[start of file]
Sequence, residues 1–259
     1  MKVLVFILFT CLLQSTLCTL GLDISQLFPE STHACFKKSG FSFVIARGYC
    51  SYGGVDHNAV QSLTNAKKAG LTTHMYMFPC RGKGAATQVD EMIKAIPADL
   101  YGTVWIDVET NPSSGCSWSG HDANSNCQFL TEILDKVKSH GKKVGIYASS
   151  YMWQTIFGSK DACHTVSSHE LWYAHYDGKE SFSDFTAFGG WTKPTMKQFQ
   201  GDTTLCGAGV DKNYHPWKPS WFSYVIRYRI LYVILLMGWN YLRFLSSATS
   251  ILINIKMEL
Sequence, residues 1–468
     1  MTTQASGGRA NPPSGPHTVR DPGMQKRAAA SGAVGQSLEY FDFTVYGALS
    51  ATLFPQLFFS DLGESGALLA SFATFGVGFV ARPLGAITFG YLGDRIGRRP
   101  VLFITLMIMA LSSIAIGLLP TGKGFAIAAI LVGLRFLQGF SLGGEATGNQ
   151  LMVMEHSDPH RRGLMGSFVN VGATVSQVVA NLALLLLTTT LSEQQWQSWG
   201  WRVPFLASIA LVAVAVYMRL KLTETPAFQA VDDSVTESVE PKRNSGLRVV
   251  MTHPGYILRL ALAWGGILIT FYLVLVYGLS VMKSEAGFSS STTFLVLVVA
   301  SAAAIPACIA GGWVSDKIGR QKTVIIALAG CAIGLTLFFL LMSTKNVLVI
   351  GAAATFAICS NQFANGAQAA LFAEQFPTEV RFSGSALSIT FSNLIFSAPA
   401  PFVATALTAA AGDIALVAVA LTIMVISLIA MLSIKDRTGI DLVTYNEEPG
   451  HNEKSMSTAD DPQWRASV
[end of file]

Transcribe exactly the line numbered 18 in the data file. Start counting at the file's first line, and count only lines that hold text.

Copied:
   451  HNEKSMSTAD DPQWRASV